Notes From The Sweet Kitchen: Volume 1: Getting Fresh
Picture it: it’s the holidays. A cozy fire crackles in the grate, $94 worth of wrapping paper sits waiting in the corner, and you are overcome with the slightly unfamiliar yet powerful urge to bake something. Cookies! You’ll make cookies! Nothing fancy, but you pull out the batter-stained recipe card for your grandmother’s best ever Snickerdoodles and get to work. Nana Mouskouri warbles in the background as your kitchen fills with the comforting aromas of butter and cinnamon. You mix, you cream, you bake, and you smile an only slightly smug smile to yourself as you envision family and friends swooning with delight at your awesome baking prowess. Finally, the cookies are cool enough to eat. Selecting the most tender and sparkly, you taste your efforts. And……
Not bad, really, but, well, Grandma’s they ain’t. But you did everything right! So what went wrong?
Well, it might just come down to the ingredients. Technique is important, but to be honest, a whole lot of the to-doing in baking consists of mixing thing together. Generally, it’s not the brain surgery of the culinary world. Most recipes in baking consist of a very few ingredients; their freshness and quality is critical to the overall product.
I’m going to go out on a limb, and say that in the above scenario, the baker in question doesn’t routinely spend evenings kneading dough and icing cupcakes. It’s entirely likely that he or she bakes a few times a year at the most, not counting the odd batch of banana bread or muffins. This doesn’t mean he or she is an incompetent baker; far from it. But it does likely mean that the ingredients he or she is pulling out of the pantry have been there for a while. Like, last Christmas.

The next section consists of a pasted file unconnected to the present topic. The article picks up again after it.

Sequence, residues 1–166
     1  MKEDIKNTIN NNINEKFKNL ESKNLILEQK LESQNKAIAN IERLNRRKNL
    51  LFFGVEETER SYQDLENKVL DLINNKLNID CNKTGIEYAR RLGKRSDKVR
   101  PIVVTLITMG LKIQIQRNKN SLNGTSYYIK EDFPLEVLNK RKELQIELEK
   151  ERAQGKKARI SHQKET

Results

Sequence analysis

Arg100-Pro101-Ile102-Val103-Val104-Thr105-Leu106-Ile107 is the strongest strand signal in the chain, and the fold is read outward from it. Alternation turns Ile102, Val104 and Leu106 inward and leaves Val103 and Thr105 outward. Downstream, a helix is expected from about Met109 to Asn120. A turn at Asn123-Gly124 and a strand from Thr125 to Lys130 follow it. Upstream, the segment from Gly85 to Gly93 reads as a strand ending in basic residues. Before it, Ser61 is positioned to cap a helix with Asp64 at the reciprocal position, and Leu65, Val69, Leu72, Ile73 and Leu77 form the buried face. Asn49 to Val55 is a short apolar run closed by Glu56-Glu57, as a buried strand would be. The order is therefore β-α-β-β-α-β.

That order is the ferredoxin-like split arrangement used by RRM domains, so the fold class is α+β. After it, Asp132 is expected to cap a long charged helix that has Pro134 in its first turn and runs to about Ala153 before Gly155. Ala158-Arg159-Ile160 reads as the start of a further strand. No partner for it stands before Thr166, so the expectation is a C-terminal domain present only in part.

What does that matter, you say? They are DRY GOODS after all. Bomb-shelter food. Right? I mean, if it’s not furry or petrified, it’s pretty much good to go, yes?
Well, no. Even the pantry staples in your kitchen have best-before dates, and using them past their prime can be a sure-fire way to sabotage your hard work. And while old flour might just make your cookies taste dull and stale, old baking powder can prevent your cake from rising properly. So how long should you keep things hanging around? Below is a handy chart; tape it to the inside of your pantry door, and hang a Sharpie on a string beside it. When you bring home new ingredients, just mark the Use By date on the container, and you’ll never be caught holding a stale bag. And remember: keep all dry goods in airtight containers in a cool, dark, dry place.
Sweet Kitchen Pantry Staples Best-Before Dates
All Purpose Flour: 1 year
Whole grain flours and meals (oatmeal, oatbran, whole wheat flour, cornmeal, etc.): 3 to 6 months
Baking powder and baking soda: 6 months to 1 year
Nuts and seeds: 3 months (That’s if they’re fresh to begin with! Many stores with low-turnover sell already-rancid nuts. Always taste before using.)
Dried fruit: 3 to 6 months
Dark chocolate: 1 year
Milk and white chocolate: 6 months
Ground spices: 6 months to 1 year
Sugar and other sweeteners keep indefinitely, as long as they’re free from moisture